GARDAÍ in Cork city are appealing to parents of young adults and teenagers to discuss with their children the risks of not adhering to the advice of the public health teams.
The plea was made in response to concerns raised in the Seanad on Tuesday by Senator Jerry Buttimer about anti-social behaviour in Cork city.
Senator Buttimer said that the city was becoming a “no-go” area.
He raised the issue after receiving concerns from a number of people in recent days about the city centre.
One business person told Senator Buttimer in correspondence: “Cork city is at the moment quite a frightening place to be from my perspective.”
He said that during a visit to the city centre last Saturday, there was a “sense of unease and gang mentality which I found very unnerving.”
In a statement, a garda spokesperson said: “Intelligence led policing and proactive policing patrols, are also utilised in addressing anti-social behaviour and these will continue with the easing of restrictions and the City life begins to return.”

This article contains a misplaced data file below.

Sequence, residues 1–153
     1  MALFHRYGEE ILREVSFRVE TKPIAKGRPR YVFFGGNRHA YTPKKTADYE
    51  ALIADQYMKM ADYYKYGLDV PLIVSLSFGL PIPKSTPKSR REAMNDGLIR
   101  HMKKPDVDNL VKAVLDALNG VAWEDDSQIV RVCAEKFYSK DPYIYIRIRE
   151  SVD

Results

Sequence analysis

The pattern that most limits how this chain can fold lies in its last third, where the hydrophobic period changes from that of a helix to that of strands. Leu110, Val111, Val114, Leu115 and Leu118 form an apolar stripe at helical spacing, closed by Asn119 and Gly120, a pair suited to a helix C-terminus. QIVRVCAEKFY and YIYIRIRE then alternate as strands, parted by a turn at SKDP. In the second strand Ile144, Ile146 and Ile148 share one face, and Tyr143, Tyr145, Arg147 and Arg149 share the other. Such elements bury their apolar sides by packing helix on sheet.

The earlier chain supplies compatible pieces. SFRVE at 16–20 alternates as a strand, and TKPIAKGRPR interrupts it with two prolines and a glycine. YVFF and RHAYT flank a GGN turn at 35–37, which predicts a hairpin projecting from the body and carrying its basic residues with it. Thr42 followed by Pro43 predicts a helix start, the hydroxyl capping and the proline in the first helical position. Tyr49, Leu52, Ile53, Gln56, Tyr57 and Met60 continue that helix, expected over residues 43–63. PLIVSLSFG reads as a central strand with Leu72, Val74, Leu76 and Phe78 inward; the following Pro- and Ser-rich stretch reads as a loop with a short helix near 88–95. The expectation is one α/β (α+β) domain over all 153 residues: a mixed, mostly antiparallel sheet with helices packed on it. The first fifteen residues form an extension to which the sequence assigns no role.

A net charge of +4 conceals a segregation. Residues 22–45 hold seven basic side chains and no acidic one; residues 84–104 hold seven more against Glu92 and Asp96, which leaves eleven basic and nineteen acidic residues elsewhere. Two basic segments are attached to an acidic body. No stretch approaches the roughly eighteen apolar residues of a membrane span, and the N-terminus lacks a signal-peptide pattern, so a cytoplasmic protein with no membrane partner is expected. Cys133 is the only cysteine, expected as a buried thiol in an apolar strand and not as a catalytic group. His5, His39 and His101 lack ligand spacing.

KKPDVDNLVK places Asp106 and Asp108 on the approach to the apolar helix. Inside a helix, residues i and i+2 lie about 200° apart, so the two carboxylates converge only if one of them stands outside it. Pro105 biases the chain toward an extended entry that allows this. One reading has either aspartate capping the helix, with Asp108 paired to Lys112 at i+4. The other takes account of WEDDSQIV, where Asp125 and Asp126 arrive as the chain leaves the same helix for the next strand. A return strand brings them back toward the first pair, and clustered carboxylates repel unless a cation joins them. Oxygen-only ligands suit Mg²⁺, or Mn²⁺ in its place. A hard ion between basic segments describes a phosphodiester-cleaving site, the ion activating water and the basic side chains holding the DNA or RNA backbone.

And the spokesperson said: “Our Public Order Unit has been deployed on weekends and will be deployed as the summer continues. As the country moves to the next phase in its reopening, we would encourage everyone to work together in adhering to the Public Health Guidelines in suppressing COVID-19.”
The statement added:
And it said: “Gardaí in the city centre frequently patrol public transport hubs and use buses whilst on foot patrol to establish a greater high visibility presence over a larger geographical spread, working closely with Bus Éireann in this regard. Our City Centre Policing Unit, established in June 2020, is a high visibility patrol unit, targeting anti-social behaviour and thefts from local business.
The unit has made a significant contribution to reducing anti-social behaviour and drug abuse and since its inspection, we have received very positive feedback from all relevant stakeholders.”